Age is just a number — unless you happen to be Mount Olive Holy Temple church, which is celebrating its 100th anniversary.

Not only has the church survived the test of time, but it also has the distinction of being founded by a woman, Bishop Ida Robinson, in 1919, at a time when women were not granted many opportunities, especially in the church.

“In those days, women preachers were almost unheard of,” reads the history of the church. “Her messages were always centered on holiness.”

Following in her footsteps were six other pastors, three of them women.

Today, Bishop Thomas J. Martin Jr. is pastor of Mount Olive, where he has been a faithful member since the age of 5.

“I have been pastoring this facility now for 18 years and we are in the process of relocating and building a new church,” said Martin.

A site between 16th and 17th streets and Westmoreland Street has been selected, and preparations to build a new church are underway.

“We have great ideas and the Lord has blessed us; He has brought us this far,” Martin said.

“We have served our community well and we’re known for our outreaches as well as our services and I am particularly excited about the fact that this particular church was started by a woman,” he said.

“She lived a great life as we celebrate her 100th year and it also makes me happy that I have been a member for the last 77 years.”

Martin said Robinson had her start in North Philadelphia and established churches throughout the nation.

“During her lifespan, she was noted for the wonderful work that she was doing, and she died in 1946. From that point we carried on and then it fell in my lap,” Martin said.

“The vision that the Lord has given me was that we should rebuild and reestablish ourselves as a church in the communities because we have a history here in Philadelphia. We don’t want it to die, we want it to live.”

“We have churches that started here in Philadelphia and went to New York, Florida, throughout the South, and we want to continue the vision and the work that [Robinson] started, especially since she was a Black woman,” he said.

Martin said that in earlier times, the church would travel and do street evangelism complete with tambourines.

As the church traveled, the members would periodically stop on the side of the road to rest, pull out their tambourines and began to worship.

“Before you new it that would have a big crowd. [Robinson] was noted for the wonderful job that she was doing in preaching. Souls were saved, people were healed.”

When she returned, Martin said, Robinson would hold an ”eight-day service celebration” where people from all over would go to participate.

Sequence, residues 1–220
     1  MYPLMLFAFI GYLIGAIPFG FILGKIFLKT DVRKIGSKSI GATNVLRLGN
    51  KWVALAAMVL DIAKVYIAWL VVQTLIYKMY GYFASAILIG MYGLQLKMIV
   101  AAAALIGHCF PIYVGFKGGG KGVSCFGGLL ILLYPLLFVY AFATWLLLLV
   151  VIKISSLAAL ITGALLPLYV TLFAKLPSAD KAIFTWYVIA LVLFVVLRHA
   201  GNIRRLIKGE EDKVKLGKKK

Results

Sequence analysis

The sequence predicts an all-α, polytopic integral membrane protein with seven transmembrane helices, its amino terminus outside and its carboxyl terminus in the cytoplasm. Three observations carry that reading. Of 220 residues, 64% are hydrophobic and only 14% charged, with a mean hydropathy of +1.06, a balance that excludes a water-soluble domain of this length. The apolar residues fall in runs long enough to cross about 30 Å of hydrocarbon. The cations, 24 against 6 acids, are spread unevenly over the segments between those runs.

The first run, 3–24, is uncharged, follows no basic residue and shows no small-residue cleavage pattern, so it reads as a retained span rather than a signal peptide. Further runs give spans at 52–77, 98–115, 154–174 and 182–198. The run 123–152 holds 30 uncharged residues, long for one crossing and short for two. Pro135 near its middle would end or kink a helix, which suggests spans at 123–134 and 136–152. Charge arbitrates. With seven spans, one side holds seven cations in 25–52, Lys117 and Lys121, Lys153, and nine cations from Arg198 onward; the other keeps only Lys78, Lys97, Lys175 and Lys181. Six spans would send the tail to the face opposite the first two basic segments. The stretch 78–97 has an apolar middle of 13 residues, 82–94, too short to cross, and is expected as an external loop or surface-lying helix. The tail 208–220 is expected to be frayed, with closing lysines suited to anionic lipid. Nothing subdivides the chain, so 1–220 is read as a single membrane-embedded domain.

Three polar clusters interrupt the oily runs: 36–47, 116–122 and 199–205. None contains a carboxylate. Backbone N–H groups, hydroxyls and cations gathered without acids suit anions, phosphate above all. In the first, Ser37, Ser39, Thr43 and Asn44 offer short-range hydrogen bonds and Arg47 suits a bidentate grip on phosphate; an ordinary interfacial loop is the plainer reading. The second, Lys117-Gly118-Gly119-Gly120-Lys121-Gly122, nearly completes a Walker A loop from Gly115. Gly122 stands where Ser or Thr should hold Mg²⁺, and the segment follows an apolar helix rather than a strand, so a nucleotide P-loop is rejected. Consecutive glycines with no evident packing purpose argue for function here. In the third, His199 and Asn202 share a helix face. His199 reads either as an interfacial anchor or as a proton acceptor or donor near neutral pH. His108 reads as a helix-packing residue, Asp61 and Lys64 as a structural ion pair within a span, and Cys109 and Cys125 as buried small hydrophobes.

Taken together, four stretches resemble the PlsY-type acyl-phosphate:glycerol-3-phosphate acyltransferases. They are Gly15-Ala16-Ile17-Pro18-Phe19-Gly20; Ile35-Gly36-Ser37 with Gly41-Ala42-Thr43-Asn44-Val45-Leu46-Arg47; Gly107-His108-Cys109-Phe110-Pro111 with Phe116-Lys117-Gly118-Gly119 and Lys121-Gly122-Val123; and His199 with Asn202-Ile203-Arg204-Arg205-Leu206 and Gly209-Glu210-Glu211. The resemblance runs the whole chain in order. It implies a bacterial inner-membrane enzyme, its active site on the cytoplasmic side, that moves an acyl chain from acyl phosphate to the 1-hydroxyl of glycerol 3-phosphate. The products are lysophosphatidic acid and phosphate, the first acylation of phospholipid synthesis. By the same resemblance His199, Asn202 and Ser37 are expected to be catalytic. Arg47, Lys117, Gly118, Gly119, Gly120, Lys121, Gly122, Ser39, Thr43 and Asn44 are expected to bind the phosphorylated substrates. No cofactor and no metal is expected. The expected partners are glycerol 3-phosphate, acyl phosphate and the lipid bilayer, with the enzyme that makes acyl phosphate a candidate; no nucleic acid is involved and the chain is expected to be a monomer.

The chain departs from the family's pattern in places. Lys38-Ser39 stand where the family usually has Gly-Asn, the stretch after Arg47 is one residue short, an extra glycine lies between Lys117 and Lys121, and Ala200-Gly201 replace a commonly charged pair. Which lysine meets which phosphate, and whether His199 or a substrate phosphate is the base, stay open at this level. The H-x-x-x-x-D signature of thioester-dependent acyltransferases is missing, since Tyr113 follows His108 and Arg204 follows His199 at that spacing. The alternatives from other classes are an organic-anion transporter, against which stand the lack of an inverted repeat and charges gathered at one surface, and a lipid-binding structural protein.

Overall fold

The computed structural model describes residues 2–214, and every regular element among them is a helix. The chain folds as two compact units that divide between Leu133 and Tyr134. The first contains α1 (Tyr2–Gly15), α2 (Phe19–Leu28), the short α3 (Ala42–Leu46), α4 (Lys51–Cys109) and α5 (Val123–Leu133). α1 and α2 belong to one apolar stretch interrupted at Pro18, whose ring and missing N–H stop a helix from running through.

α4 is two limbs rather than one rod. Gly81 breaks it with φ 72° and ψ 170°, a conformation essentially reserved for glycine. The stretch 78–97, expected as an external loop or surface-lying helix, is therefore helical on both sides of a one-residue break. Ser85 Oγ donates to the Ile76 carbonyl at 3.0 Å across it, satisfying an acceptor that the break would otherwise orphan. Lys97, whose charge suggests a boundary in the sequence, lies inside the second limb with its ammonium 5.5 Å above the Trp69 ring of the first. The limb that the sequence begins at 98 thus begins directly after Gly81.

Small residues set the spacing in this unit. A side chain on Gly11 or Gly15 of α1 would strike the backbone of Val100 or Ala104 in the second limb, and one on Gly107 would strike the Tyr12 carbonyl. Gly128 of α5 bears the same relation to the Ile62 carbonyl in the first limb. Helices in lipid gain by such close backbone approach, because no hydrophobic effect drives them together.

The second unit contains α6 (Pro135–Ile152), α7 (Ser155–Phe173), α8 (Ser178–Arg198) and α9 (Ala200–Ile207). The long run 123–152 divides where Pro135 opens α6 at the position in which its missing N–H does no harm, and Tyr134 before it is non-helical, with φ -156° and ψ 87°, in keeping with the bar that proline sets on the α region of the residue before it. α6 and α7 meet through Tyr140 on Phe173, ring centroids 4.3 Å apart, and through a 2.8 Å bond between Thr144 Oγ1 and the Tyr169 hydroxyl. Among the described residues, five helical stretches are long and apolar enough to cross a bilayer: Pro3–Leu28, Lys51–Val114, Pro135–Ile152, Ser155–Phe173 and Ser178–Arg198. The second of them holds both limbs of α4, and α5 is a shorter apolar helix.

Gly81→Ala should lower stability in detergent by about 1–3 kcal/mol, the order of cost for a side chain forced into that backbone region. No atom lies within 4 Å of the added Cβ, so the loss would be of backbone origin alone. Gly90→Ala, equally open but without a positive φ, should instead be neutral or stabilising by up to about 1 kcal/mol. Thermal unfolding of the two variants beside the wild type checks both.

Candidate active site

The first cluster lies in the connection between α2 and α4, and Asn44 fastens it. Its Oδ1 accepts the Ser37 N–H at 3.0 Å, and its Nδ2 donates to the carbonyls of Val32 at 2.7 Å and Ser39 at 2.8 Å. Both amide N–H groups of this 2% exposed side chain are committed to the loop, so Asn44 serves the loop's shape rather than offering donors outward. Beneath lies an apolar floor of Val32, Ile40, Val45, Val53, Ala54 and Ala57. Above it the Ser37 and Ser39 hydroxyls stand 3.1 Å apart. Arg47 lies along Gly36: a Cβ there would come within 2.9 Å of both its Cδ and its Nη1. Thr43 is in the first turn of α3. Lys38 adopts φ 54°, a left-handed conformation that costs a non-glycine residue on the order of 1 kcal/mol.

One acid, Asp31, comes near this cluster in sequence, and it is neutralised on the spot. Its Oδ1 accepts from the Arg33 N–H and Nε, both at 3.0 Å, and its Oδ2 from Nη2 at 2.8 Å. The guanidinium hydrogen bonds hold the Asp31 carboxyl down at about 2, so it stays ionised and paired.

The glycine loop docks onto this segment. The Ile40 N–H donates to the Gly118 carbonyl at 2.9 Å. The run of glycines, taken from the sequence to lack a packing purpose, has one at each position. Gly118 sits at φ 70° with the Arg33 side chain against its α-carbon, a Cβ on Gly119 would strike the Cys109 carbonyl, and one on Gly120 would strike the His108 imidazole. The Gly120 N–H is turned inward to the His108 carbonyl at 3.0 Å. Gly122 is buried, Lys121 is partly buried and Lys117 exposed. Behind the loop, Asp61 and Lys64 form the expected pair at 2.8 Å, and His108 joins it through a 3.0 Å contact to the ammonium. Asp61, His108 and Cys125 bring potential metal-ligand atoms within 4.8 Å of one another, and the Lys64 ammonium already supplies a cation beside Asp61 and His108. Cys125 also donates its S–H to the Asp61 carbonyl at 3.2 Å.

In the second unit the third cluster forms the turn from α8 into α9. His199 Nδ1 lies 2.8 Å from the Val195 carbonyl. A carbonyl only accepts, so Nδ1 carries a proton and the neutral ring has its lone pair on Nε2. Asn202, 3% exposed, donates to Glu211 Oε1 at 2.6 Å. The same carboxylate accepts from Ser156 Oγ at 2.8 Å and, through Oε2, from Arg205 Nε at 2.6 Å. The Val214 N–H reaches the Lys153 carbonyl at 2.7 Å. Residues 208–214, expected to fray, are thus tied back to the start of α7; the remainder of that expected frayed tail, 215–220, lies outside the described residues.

“She was not only known among Blacks but also amongst whites and they communicated and worshiped together as unto the Lord.”

“We are excited that during this 100-year [history] we could move forward with this new project that the hope, the desire and the dream we had to carry out her vision will be done.”

Martin held various positions as he grew up in the church, prior to becoming pastor.

“During my tenure here, as a youngster, I was introduced to home and foreign missions. I represented the church in India, South America, Guyana and various parts of the country and the world,” he said.

“I traveled to and from Cuba and we’re scheduled to go back in a few months. We started several churches in Guyana and the Lord has just been blessing us throughout,” he said.

The church has become most known for its work for the community, Martin said.

The church regularly provides free meals for those who need them, and on special occasions and holidays they visit the sick in hospitals.

“Our slogan is, ‘Attempt to great things for God and God will do great things for us.”

Like many faith-based groups, Mount Olive faces financial challenges, Martin said. Nevertheless, he believes that God is going to supply the resources needed for the church to continue ministering to the people.

“I am a firm believer that God will provide if we live right, walk right and do what the Lord requests of us,” said Martin.

Martin described the congregation as “mixed.”

“A lot of our seniors have passed on, but the young folks are still coming in,” he said.

“We feel that as long as we keep praising God and showing the spirit of love and fellowship, we will reach our goal. The church that we are in the process of building seats 1,500. By faith we believe that God is going to not only supply our needs but will also send us the people.”

The relocation of the church was motivated by a change in the surrounding community. As Temple University continues to expand, local residents are moving out and businesses and dormitories are replacing them.

“We feel that it would be more effective for us if we could have our own surroundings and dedicate ourselves to the community and maintain outreach programs that would edify, not only for the church but the city as well. That wouldn’t be possible here,” Martin said.

“We want to re-establish a church that is dutiful and strong enough, so we won’t have to move anymore,” he said.

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